Is Your Nurtured Power Style Limiting Your Effectiveness at Work?

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Consider your upbringing:

In your youth, were you encouraged to question all things and express yourself or taught to adhere to a strict set of rules? Maybe only one parent was the disciplinarian. Possibly even you, yourself, were the caretaker.

No matter what kind of upbringing you experienced, the relationships and environments through which you grew have fostered a particular interpersonal behavior – one that has extended into your personal and professional life.

HRIQ spoke with Maggie Craddock, author of Power Genes, a new book which explores how your nurtured response to power affects your reaction to "power plays" in the workplace.

1. In Power Genes, you give an in-depth explanation of the family-dynamic that exists in the workplace. Can you describe how this evolves, and why it might be detrimental for those of us functioning in a business environment?

As an executive coach who has worked with clients around the world, I’ve learned that your inner emotional reactions and outer behavioral responses to power plays on the job are often rooted in the ways you learned to respond to the first authority figures you met in life – the caregivers in your family system. Whether you are grappling with the office bully or trying to survive a turf war, the way you were conditioned to respond to power in your family system may determine whether you come across as a dictator or a doormat on the job today.

You can enhance your career momentum by developing a deeper understanding of how your personal relationship with power on the job mimics the power dynamics you were exposed to in your family system. My work explores how emotional and behavioral triggers established in family systems often determine whether we lash out in anger or seek a deeper level of understanding when our power is being threatened at work.

2. In order to manage these nurtured approaches to life and work, you say it is important to identify yourself with one of four core power types. What are they, and how does one "diagnose" a power type?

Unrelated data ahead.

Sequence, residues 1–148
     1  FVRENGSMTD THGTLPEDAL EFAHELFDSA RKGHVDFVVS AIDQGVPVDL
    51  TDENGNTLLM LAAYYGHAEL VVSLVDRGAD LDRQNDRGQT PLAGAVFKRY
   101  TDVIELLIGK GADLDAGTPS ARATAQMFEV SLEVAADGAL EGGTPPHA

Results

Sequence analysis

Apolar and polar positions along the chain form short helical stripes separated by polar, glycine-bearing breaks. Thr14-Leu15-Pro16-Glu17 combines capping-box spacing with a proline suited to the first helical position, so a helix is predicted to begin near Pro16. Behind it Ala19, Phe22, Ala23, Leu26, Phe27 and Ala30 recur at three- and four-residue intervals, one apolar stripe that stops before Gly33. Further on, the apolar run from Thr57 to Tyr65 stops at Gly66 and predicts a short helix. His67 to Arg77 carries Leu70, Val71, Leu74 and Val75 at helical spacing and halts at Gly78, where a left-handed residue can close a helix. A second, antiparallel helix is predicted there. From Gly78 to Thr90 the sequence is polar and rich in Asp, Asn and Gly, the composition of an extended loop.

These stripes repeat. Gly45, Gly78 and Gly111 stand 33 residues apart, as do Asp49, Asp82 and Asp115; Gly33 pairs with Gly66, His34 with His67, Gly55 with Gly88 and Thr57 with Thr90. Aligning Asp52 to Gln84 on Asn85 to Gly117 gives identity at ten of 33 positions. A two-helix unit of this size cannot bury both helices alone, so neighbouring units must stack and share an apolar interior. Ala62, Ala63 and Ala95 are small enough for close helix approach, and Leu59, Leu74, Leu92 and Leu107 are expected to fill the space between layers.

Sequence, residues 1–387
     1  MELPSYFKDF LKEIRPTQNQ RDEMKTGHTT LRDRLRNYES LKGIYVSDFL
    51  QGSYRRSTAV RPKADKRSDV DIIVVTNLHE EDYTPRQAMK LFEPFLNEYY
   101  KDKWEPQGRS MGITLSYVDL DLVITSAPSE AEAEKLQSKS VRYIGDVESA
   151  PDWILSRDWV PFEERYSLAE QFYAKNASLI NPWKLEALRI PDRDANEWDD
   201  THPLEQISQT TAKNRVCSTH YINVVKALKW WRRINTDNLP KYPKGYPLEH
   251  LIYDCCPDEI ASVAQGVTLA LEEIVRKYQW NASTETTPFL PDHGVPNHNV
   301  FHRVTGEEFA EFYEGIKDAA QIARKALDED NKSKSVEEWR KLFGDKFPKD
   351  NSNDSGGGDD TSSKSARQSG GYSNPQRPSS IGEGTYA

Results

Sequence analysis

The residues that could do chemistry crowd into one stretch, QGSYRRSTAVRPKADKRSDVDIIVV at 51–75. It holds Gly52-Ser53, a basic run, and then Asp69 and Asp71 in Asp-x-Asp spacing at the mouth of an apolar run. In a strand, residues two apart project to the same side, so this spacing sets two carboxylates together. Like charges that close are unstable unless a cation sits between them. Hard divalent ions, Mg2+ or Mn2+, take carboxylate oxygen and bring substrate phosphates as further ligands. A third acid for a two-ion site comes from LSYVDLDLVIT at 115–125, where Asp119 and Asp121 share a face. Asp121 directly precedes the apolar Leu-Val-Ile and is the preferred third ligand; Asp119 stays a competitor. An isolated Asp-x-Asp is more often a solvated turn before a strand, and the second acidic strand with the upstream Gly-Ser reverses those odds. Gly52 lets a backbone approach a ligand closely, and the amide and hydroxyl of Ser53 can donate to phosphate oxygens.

To help people clarify their signature power style, I’ve created a matrix that I call "The Power Grid". This matrix maps your inner emotional responses to the give and take of power on the job against your behavioral preferences for influencing others. The Power Grid reveals the four core personas that exist within all of us: "the Pleaser", "the Charmer", "the Commander" and "the Inspirer."

Pleasing is a power style which exemplifies people that wield power by attempting to connect with others at a personal level. Due to outside stressors, which can range from financial struggles to preoccupation with a sick relative, Pleasers often didn’t get the attention they craved from their caretakers early in life. As a result, Pleasers often grow up hungry for validation and are hardwired to take care of others.

The Charmer power style is exemplified by people with an intensity of focus that both intimidates and seduces others into compliance. Charmers were required to soothe an emotionally needy parent early in life. As a result, Charmers often have little respect for formal authority and may manipulate others in order to get their needs met.

Commanders operate with a results orientation and tend to foster a sense of urgency in others. Often, a Commander has grown up in a family system devoted to sports, religion, the military or any larger system that reinforces discipline and a strict code of conduct.

The Inspirer power style is characterized by individuals who tend to be innovative thinkers and operate with a consistent commitment to the greater good. The family systems that foster Inspirers often value self-expression over conformity, and the caregivers in such systems are often willing to make personal sacrifices to achieve excellence in areas such as artistic expression or scientific inquiry.

We all carry within us the potential to exhibit the strengths and blind spots of any of these four core power styles. Some people discover that they exhibit one or two of these core power styles a significant percentage of time on the job. Others report that their signature power style is more of a blend of all of the four core styles. There is not a right or wrong when it comes to uncovering your signature power style. The goal is not to categorize. The goal is to help people have a deeper dialogue with themselves, and others, about the way they give and take power on the job.